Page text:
Toward the High Renaissance

The High Renaissance is just that—the height of the Renaissance! When you think of the Renaissance, the names that come to mind are probably the artists of this period: Leonardo and Michelangelo, for instance. When many people think of the greatest work of art in the Western world, they think of Michelangelo’s Sistine Ceiling. This is a period of big, ambitious projects.

The High Renaissance versus the Early Renaissance

The Madonna is holding her hands in a prayerful pose, and the Child is being supported and held up by two child angels.

Figure 1. Fra Filippo Lippi, Madonna and Child with Angels

So, what exactly is the High Renaissance, and how is it different from the Early Renaissance? As the Humanism of the Early Renaissance grows, a problem begins to develop. Have a look again at Fra Filippo Lippi’s Madonna and Child with Angels (figure 1). We see in this painting an image of the Madonna and Christ Child that has become so real, the figures so human, that we can hardly tell that these are spiritual figures (except for the faint shadow of a halo). On the other hand, we have seen that in the Middle Ages, if you want to make your figure spiritual then you sacrifice its realism.

Its almost as if there is this feeling in the Early Renaissance that if you want to be spiritual, then your painting can’t look real, and if you want it to be real, then it loses some spirituality. It has to be one or the other. Well, Leonardo da Vinci comes along, and basically says—you don’t have to make that choice. It’s not either/or. Leonardo is able to create figures who are physical and real—just as real as Lippi’s or Masaccio’s figures and yet they have an undeniable and intense spirituality at the same time. So we can say that Leonardo unites the real and spiritual, or soul and substance.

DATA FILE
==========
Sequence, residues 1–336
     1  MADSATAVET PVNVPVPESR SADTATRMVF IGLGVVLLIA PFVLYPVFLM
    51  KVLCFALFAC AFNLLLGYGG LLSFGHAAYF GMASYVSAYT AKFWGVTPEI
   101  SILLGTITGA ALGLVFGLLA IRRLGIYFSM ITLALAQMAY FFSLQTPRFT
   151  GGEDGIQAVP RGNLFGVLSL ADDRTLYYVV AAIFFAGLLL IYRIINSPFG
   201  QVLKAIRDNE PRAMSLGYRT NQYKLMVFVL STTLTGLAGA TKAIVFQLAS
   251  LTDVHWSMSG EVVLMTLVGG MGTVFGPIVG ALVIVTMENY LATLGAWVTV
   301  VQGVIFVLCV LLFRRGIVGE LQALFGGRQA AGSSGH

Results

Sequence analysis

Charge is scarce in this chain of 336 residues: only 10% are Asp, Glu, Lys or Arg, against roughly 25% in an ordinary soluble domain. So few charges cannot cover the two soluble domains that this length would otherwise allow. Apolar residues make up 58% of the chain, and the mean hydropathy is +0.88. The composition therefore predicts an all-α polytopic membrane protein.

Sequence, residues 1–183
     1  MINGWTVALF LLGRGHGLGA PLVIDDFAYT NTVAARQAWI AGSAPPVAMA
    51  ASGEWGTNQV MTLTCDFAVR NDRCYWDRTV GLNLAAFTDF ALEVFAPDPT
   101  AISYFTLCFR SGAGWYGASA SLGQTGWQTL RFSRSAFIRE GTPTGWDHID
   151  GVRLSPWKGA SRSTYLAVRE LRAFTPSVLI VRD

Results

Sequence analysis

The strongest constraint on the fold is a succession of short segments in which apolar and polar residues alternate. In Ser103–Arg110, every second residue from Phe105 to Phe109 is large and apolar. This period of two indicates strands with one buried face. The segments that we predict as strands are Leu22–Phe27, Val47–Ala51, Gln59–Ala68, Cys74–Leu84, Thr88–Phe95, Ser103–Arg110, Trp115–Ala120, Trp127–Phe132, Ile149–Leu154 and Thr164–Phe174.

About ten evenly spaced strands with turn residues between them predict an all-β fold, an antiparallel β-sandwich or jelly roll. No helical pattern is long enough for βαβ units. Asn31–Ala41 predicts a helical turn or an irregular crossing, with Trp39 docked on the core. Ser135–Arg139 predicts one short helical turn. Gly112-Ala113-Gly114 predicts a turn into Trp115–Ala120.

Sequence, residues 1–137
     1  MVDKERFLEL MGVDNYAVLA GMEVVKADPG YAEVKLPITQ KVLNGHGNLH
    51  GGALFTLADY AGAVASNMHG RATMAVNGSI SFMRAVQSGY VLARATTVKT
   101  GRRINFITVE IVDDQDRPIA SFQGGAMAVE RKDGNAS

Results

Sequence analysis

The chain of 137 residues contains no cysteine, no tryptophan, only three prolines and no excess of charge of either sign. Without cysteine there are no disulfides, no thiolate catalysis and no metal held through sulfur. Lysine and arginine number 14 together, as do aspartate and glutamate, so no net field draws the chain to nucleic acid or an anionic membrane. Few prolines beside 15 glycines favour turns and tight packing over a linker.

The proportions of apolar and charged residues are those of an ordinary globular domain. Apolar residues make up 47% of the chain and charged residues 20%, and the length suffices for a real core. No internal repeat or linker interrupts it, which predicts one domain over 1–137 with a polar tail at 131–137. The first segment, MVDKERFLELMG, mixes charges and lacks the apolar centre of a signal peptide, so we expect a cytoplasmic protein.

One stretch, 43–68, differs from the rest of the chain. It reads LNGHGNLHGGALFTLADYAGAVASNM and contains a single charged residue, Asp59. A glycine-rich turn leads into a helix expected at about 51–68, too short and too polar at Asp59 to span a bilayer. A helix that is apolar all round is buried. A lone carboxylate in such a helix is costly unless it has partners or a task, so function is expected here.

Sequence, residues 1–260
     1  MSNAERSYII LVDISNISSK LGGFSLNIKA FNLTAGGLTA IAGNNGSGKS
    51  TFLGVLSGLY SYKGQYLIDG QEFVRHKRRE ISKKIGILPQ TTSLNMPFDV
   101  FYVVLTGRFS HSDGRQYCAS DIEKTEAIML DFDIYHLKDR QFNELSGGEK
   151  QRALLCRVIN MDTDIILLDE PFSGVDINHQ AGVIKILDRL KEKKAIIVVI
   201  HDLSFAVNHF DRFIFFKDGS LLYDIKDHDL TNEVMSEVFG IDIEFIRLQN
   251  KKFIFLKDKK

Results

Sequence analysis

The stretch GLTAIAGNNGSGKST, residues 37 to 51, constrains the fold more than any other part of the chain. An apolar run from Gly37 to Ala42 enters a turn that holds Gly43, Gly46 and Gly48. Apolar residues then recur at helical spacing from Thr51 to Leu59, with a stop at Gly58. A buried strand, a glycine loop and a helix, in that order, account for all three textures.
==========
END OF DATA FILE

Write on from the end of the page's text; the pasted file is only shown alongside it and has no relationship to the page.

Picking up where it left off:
The best way to see this is in the Baptism of Christ by Verrocchio (figure 2), who Leonardo was apprenticed to when he was young.

There are four figures in the painting: Jesus Christ, John the Baptist, and two angels. All have halos indicating their divinity. John is pouring water from a small bowl over Christ’s head, and we see God the Father’s hands releasing the Holy Spirit in the form of a dove above this scene. The two angels are kneeling in worship behind the baptism.

Figure 2. Andrea del Verrocchio (with Leonardo), Baptism of Christ, 1470–75, oil and tempera on panel, 70 3/4 × 59 3/4 inches or 180 × 152 cm (Galleria degli Uffizi, Florence)

Verocchio asked Leonardo to paint one of the angels in his paining of the Baptism of Christ, that we see here. Can you tell which angel is Leonardo’s?

One angel should look more like a boy—that’s the Early Renaissance angel (the one painted by Verrocchio) and the other angel should look like a High Renaissance angel, like a spiritual figure—truly like an angel sent by God from heaven (that’s Leonardo’s angel).

Can you tell which one is by Leonardo? Take a minute and look closely.

A close up of the two angel's faces to compare the artistic style

Figure 3. Leonardo and Verocchio’s angels

It’s the angel on the left. Leonardo’s angel is ideally beautiful and moves in a graceful and complex way, twisting to the left but raising her head up and to the right. Figures that are elegant and ideally beautiful are a key characteristic of the High Renaissance.